It’s the season for peppermint-, pumpkin- and gingerbread-centric sweets, but not for Good Girl Dinette‘s Diep Tran, who marches to the beat of a different drummer boy. At her Highland Park restaurant, it’s all about figgy pudding, the oft-overlooked and under-appreciated Dickensian delight.
Get your belly in the holiday spirit with my latest piece for the Los Angeles Times‘ Daily Dish: “Good Girl Dinette’s Diep Tran brings us all some figgy pudding.” Happy holidays and bon appetit!
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To ease the dissapointment of not being able to dine at Willows Inn on Lummi Island during this trip to Seattle, I treated myself to happy hour and two dinners on Saturday night. Not to sound like a complete lush, but nothing makes everything all better quite like a few rounds of cocktails!
We started off the evening at Bathtub Gin, a speakeasy hidden in a downtown alley that came highly recommended to us by our server at The Corson Building. After taking full advantage of their half-off special, we moved on to Essex in Ballard for more adult beverages and a bite to eat.
Brandon Pettit, the chef and owner of pizzeria Delancey next door, opened Essex with his wife and business partner, Molly Wizenberg of Orangette, last summer.
“The Delancey Street and Essex Street subway stops in New York share a station, so Essex seemed a fitting name for the restaurant sharing a façade with Delancey,” according to Ms. Orangette.
We arrived at the bar before the sun had fully set, so seating was relatively easy. We pulled up two seats at the counter and proceeded to order our “first” round. While my darling Astronomer stuck with the beers on tap, I was in a cocktailing mood.
My salted margarita ($10), sparkling and on tap, was comprised of reposado and a combination of orange, grapefruit, and lime juices. Tequila-based cocktails always treat me right.
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For the grand finale of our whirlwind stopover in London, we dined at Dinner by Heston Blumenthal. Opened in early 2011, the restaurant has already earned a Michelin star and is currently ranked 9th on The World’s 50 Best Restaurants list.
Stars and rankings are all good and fun, but what really drew me in to Dinner was its unique menu of historically inspired British dishes. Every plate served here has been thoroughly researched and can be traced back as far as the 14th century. Dinner is Heston Blumenthal’s love letter to Britain’s proud culinary past, one that continues to influence and inform this modern kitchen at every turn.
Upon being seated, each member of our party was presented with a neatly folded menu containing the night’s offerings. One side of the menu listed the starters, mains, and desserts, while the other contained the dishes’ “sources of origin” (i.e. the name of the cookbook in which the dish was found). The nerd in me loved how the menu read like an academic paper.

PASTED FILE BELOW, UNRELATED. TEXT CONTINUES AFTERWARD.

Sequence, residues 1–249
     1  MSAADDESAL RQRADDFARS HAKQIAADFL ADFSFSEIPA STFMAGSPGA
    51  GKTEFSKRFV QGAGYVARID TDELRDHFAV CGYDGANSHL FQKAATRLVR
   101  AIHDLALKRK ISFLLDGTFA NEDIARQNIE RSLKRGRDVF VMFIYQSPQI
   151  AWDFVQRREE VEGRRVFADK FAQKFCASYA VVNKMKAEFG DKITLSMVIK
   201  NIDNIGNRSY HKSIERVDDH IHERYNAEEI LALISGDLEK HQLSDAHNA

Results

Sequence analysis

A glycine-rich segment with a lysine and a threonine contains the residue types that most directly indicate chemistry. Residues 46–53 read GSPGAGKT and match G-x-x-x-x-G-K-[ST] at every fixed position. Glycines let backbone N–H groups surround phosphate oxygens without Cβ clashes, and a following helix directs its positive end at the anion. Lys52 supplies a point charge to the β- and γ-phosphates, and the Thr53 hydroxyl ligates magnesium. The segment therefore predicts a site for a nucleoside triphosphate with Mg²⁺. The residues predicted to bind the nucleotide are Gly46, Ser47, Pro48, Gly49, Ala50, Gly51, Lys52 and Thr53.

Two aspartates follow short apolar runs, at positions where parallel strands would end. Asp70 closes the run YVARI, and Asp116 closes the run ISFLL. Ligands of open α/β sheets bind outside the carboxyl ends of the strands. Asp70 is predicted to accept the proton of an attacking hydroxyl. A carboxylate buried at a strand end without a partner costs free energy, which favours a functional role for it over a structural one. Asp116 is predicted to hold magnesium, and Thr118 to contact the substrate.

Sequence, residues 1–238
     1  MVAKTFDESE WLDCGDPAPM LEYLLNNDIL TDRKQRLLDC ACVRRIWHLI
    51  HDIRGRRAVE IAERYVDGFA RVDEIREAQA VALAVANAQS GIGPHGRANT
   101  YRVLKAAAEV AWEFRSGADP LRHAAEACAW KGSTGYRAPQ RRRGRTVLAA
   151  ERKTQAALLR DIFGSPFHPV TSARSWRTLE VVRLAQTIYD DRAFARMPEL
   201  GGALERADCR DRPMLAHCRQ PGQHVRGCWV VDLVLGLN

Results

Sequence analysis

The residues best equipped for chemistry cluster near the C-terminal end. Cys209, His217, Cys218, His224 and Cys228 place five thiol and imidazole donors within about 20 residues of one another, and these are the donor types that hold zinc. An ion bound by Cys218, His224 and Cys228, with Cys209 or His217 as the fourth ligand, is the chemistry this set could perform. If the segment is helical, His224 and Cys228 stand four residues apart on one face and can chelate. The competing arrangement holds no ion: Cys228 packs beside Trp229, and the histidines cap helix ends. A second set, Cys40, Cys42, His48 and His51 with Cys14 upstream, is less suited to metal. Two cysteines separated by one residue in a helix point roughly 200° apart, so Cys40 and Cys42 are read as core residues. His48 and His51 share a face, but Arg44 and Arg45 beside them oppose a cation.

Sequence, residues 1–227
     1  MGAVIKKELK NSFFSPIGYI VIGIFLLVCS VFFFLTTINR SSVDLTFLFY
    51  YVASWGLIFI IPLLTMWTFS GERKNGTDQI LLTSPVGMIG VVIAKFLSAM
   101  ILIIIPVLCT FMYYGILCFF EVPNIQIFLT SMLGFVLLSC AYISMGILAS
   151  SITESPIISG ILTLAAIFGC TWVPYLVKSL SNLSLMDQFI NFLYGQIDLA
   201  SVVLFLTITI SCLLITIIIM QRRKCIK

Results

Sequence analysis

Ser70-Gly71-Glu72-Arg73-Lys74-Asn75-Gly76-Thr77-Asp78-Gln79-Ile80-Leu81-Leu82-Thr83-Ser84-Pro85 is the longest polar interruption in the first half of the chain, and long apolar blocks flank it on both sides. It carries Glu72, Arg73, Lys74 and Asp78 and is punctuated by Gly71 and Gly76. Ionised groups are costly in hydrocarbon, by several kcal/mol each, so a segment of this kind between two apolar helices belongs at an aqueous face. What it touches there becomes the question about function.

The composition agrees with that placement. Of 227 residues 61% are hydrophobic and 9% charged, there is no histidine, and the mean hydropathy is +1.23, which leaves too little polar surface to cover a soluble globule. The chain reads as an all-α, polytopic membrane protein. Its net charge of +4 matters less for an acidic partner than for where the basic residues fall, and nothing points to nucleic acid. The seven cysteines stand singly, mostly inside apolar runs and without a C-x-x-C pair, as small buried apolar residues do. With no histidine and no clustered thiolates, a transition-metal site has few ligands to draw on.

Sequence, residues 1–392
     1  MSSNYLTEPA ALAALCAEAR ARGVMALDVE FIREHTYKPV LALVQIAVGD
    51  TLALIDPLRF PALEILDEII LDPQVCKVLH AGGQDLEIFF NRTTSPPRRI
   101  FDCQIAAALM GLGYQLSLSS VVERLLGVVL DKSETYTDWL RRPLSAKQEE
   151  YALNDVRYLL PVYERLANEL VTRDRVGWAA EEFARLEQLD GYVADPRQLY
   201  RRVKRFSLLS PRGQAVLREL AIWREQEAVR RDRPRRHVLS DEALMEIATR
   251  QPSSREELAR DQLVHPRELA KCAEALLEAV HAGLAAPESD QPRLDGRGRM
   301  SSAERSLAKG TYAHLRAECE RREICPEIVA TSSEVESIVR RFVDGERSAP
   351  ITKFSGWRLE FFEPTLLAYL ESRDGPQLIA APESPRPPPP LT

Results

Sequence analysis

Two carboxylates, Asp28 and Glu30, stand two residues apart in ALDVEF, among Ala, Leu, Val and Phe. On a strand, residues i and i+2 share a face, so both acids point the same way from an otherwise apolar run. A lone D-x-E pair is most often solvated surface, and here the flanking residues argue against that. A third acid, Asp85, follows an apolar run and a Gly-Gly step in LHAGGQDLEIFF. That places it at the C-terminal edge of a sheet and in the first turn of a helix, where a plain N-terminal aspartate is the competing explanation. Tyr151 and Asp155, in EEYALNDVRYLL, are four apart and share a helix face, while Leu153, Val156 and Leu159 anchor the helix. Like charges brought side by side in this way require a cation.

Food historians, as well as the British Library, assisted chefs Heston Blumenthal and Ashley Palmer-Watts with researching Dinner’s menus.
To further set the mood, the clasps holding the menus together contained anecdotes about British gastronomy. I particularly loved the one about the origin of afternoon tea. To think, the tradition began with a duchess and the “sinking feeling” she endured between lunch and dinner!
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While digging into doughnuts at St. John Bakery and Spanish chorizo sandwiches at Borough Market, Su-Lin and I made plans to get together the following day for Sunday roast, a traditional British meal of roasted meats, Yorkshire pudding, vegetables, and gravy. Su-Lin insisted that our feast take place at Notting Hill’s The Mall Tavern, whose Sunday roast is considered to be one of London’s finest.
While The Mall Tavern has been around since 1856, Chef Jesse Dunford Wood has only been cooking his brand of “beautiful and colourful British food with a sense of humour” since 2010. In addition to roasts, the gastropub serves a seasonally driven menu featuring old school British delights like cow pies and arctic rolls.
With four people in our party, we decided to order two different roasts and two of the pub’s signature dishes to share. The Roast Beef (£15) platter came with potatoes, heaps of carrots and shredded cabbage, as well as Yorkshire pudding.
The highlight of plate was the perfectly pink roast beef, which arrived thinly sliced and sprinkled with coarse salt. While The Astronomer preferred the meat straight up, I loved it with the chunky horseradish sauce served alongside. The Yankee contingent at the table was stoked to try the Yorkshire pudding, which was airy, hollow, and reminiscent of a popover.
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